Monday, February 28, 2011

March Pick A Book Giveaway

For the March Pick A Book, there are two choices, both paperbacks.

Moonface by Angela Balcita is a memoir about a woman with kidney disease. See review here:

The Gentleman Poet by Kathryn Johnson is a historical fiction novel of Shakespeare's Tempest. See review here:

Leave a comment, stating which book you desire, and a way I can contact you. I only give away ONE. On the last day of the month, Jazzy the Japanese Chin will choose a winner from her dog bowl. This will occur at mine and her convenience, no set time.

Good luck, all!

Sunday, February 27, 2011

Moonface by Angela Balcita

This is a memoir written by a woman who has a kidney disease. I won't get into all the medical jargon that none of us can spell or pronounce, but just try to sum it up real quick.

Angela's kidney began failing her when she was in College. It would no longer clean her blood. Her brother stepped in and gave her his kidney. Ten  years later, she rejects the kidney and has to go on dialysis. By this point, she is with Charlie.

Charlie is a really likable guy. He remains positive when Angela gets down. "This is a new moment for you. This is the new you. Pretend for a second that everything you're scared of is getting washed out by this machine. That somehow, you'll come out of this whole thing feeling refreshed and brand new. Healthy. Maybe even better than before."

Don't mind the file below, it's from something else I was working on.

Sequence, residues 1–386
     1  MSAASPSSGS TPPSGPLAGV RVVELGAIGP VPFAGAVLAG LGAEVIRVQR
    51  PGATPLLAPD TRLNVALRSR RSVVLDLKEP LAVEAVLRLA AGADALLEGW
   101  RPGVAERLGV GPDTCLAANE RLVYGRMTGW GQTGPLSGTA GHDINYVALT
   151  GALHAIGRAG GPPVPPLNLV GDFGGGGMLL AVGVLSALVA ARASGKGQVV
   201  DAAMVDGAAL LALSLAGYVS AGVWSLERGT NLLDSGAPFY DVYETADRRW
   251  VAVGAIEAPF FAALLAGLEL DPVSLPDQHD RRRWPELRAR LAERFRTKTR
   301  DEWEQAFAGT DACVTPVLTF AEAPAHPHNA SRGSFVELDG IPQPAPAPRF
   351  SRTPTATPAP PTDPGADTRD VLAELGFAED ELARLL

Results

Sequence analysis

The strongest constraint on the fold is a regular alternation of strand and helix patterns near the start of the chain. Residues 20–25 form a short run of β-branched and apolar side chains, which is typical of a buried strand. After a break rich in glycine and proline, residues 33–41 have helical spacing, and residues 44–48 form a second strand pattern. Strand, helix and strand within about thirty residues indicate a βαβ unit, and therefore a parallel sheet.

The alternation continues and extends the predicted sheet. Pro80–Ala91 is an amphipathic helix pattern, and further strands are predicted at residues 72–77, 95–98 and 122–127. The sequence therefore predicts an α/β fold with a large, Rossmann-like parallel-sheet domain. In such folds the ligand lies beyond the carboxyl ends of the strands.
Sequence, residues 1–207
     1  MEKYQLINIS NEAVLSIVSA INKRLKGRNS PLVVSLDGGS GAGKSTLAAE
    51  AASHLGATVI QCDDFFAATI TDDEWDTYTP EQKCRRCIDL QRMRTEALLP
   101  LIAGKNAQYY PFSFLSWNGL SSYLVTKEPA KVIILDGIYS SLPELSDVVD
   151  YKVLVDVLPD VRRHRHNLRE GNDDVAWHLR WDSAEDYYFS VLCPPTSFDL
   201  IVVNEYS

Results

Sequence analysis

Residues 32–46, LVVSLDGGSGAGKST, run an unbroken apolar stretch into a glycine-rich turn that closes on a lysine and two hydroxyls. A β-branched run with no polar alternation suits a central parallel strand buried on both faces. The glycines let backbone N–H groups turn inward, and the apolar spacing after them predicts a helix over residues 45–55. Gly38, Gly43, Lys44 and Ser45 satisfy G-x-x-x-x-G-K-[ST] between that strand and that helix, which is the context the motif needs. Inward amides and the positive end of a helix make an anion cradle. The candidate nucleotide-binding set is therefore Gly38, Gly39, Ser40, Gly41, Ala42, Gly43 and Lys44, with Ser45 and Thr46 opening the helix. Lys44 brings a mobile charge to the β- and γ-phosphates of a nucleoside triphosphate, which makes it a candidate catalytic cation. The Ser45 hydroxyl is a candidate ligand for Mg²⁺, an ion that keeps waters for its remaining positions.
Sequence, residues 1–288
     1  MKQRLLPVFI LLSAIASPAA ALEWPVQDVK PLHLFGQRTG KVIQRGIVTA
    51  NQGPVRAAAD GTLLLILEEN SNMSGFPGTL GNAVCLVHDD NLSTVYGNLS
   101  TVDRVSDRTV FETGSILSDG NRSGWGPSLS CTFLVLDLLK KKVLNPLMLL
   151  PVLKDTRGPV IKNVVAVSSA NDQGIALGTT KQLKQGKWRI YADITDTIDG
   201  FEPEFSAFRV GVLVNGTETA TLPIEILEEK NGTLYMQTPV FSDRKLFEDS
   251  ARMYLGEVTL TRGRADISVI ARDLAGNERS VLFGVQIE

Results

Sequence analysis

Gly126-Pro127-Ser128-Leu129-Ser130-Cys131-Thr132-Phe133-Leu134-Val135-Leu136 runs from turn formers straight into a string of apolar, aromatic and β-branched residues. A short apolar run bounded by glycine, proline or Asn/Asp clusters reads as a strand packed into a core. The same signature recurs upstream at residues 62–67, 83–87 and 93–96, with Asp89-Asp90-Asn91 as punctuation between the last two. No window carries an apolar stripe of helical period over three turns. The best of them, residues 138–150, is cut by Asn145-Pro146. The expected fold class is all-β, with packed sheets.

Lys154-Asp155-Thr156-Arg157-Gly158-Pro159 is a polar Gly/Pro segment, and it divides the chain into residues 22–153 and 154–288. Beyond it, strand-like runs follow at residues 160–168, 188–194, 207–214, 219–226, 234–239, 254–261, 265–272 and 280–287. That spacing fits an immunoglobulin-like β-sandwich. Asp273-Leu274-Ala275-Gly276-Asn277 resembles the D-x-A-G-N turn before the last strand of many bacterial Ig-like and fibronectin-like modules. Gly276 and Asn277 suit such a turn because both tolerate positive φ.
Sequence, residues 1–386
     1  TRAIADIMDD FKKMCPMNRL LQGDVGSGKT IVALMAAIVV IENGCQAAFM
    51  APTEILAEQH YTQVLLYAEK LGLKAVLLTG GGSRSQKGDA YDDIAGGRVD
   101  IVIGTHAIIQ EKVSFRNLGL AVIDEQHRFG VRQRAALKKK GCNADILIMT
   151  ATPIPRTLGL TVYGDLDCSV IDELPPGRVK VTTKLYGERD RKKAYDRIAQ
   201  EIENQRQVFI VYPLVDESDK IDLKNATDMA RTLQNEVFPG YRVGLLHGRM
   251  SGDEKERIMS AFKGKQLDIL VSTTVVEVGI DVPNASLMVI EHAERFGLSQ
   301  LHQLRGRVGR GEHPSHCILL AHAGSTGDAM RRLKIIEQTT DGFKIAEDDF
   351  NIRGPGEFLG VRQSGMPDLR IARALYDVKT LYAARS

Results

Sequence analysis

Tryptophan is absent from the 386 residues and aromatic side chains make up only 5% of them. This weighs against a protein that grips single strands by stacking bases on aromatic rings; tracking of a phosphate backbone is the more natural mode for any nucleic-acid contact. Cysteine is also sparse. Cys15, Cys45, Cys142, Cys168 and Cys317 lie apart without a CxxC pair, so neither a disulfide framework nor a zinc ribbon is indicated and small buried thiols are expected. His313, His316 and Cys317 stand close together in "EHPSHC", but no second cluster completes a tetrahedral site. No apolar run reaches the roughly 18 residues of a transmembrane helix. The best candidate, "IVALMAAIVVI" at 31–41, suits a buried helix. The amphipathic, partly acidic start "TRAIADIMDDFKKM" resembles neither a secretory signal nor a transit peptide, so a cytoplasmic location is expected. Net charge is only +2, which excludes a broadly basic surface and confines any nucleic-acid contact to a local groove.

And Charlie gives her his kidney. This can make or break a relationship. What if her body rejects his kidney? What does that mean for them? Does that signify that their love will not last either?

Here is where I started to frown. I would think at this point, that Angela would count her blessings and finally be happy, but after a few years, she decides she wants a baby too and organ transplantees with previously failed kidneys don't have a good track record with the baby thing.

Full disclosure: I have never been equipped with the maternal gene. I have never had any desire whatsoever to have a baby. In 1979 when the baby gods were passing out genes to unborn fetuses, they forgot to hand me that one. So the last quarter of the book... I didn't like it. It goes on and on about wanting a baby, chili cravings, desire to see the baby. Angela did not want to adopt, despite the risks she was taking to herself and the unborn child and despite the fact that there are million of homeless babies and children out there.. so this is a personal issue for me. I was put off.


Of course, she loses her husband's kidney after that, no big surprise. The big surprise is that a third donor steps up to hand over her kidney, but I found myself wondering.. what is going to happen to that kidney when another baby craving pops up?

**End of Spoiler**

I think it's a touching story that most people, women anyway, will really like though I didn't feel the writing flowed together all that well. 

I bought this on Amazon. 

Saturday, February 26, 2011